Pornothemis starrei Lieftinck, 1948

Family: Libellulidae
Scientific Name: Pornothemis starrei
Common Name: Mangrove Marshal

Mangrove Marshall is predominantly a mangrove species of rare dragonfly that can be found in mangrove habitat in most part of Singapore coastal areas. I have encountered this species at Sungei Buloh Wetland Reserve, Pulau Ubin, and at the mangrove swamps at Western part of Singapore.

The male has a metallic black body with light bluish pruinescence on the dorsum of the thorax. It also has markings that look like “stars” on the synthorax, that differs between individuals. The abdomen is thin, dark and curved when view from the side It has a pair of attractive greenish-blue eyes.

Females are olive in colour on the sides of the thorax and are rarely encountered.

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Pornothemis starrei, male. Notice the dark green eyes and the predominantly black body.
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A younger individual male. The wings are clear. The light bluish pruinescence on the dorsum is clearly visible.
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Another male. Notice the unique markings on the synthorax of each individual.
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This male has a more prominent blue pruinescence on the dorsum and first 3 segments of the abdomen. It has a more rounded markings on the synthorax.
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Yet another male with an overall black abdomen. You can also notice the slight curvature of the abdomen.
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An old female with an olive body. It has the same appearance as the male but more stouter and bigger.
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Another female in dorsal view. Notice the hyaline wings and a little patch of brown at the base of the wings.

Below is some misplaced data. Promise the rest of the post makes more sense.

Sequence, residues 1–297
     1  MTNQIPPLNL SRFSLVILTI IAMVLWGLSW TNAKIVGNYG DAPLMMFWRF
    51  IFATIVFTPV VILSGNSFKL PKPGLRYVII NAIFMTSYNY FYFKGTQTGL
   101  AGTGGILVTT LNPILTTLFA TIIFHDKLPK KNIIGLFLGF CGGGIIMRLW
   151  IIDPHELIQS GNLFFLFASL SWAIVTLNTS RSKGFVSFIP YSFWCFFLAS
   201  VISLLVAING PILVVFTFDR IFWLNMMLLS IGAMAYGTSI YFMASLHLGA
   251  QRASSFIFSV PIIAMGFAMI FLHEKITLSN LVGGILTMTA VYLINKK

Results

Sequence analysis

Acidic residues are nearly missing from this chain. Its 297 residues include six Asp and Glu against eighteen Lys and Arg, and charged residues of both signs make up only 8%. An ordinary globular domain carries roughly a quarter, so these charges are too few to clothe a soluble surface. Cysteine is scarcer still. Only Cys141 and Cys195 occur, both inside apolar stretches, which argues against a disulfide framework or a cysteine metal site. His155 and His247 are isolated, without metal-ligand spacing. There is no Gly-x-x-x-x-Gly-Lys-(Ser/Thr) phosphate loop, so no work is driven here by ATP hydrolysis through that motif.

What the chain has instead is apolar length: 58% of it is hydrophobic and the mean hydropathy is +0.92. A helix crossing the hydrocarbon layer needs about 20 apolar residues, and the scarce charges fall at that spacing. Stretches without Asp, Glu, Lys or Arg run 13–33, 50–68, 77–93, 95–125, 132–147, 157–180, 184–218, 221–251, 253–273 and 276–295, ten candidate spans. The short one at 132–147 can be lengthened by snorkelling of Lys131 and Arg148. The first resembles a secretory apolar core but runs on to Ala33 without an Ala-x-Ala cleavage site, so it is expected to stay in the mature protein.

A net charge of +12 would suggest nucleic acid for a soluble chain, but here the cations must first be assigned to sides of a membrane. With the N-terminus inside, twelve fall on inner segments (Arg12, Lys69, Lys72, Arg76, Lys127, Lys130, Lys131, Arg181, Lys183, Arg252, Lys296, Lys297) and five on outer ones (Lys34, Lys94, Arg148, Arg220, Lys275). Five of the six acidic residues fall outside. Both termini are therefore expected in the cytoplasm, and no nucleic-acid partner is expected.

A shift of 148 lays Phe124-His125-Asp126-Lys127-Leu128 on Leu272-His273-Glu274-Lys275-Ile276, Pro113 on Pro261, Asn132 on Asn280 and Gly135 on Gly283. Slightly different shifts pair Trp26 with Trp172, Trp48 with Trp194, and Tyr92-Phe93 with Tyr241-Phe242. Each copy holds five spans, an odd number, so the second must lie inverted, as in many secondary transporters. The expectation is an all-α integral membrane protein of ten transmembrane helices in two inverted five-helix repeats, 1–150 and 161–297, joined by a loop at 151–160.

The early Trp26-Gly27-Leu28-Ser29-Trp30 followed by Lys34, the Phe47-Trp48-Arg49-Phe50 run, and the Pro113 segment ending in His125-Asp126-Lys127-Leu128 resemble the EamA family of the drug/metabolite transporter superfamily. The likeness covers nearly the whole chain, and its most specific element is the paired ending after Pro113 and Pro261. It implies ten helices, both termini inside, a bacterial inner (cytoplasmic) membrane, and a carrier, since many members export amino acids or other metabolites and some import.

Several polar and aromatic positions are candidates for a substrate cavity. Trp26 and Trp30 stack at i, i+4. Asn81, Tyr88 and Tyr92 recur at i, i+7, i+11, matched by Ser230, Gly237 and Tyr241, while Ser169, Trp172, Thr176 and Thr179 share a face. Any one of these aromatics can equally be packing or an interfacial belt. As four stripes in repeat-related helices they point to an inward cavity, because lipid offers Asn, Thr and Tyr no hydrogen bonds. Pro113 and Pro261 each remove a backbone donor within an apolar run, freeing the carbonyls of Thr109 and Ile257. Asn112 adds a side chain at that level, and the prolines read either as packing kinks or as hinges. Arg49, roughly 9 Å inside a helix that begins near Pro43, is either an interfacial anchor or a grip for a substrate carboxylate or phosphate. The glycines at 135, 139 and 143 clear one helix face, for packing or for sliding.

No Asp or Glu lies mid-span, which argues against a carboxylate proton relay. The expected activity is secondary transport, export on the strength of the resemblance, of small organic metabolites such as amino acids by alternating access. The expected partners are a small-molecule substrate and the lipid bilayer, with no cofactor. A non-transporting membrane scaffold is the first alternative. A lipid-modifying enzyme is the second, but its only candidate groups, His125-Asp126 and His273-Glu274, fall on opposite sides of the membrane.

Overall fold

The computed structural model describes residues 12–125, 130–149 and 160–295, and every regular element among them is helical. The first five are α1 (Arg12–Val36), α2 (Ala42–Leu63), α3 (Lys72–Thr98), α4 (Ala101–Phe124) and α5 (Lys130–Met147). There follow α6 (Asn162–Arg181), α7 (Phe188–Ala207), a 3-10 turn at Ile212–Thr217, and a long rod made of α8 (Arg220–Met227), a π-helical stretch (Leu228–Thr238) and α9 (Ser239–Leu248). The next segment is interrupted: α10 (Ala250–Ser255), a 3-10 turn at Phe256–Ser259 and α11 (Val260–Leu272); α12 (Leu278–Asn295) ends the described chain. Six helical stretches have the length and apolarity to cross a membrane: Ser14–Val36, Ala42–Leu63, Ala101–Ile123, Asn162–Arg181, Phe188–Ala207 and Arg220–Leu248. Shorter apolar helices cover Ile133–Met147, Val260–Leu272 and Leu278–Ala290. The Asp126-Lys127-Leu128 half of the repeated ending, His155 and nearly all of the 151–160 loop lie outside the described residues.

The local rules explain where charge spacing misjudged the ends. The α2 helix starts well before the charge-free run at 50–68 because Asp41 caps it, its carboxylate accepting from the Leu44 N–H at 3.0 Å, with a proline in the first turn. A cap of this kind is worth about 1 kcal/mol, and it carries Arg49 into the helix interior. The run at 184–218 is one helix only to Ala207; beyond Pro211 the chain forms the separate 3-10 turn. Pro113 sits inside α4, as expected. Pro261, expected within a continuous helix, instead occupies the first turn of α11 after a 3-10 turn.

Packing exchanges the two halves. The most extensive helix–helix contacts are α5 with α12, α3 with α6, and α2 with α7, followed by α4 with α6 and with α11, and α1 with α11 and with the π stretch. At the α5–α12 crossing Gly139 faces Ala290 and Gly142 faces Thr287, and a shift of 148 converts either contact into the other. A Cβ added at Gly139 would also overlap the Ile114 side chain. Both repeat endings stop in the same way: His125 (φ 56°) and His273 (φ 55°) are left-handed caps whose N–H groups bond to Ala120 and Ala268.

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A younger female in lateral view. The hind legs are quite long, and notice the prominent flags on each side of the abdominal segment 8.
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Very young female. The body is golden brown in colour with yellowish strips and markings on the abdomen.
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In live specimen, this young female has a very striking golden hue to her body.  
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Side view of the above female.
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Another young female in dorsal view.
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Profile view of the above female.

I have caught many males and females in pixel over a span of a few weeks of this elegant and rare species at the mangrove swamps of Singapore. One has to see the real specimen to appreciate the beauty of the species.

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Camacinia gigantea (Brauer, 1867)

Family: Libellulidae
Scientific Name: Camacinia gigantea
Common Name: Sultan

Camamcinia gigantea is a large dragonfly species that lives in open ponds, quarries and occasionally, forest pools.

I have observed this species many times, sometimes up to four to five individuals at the forest fringe at Bukit Timah Nature Reserves. It frequents flooded forest pools and may wander far from the water source.

It can co-habit peacefully with other smaller dragonfly species but may chase away rivals within a small territory.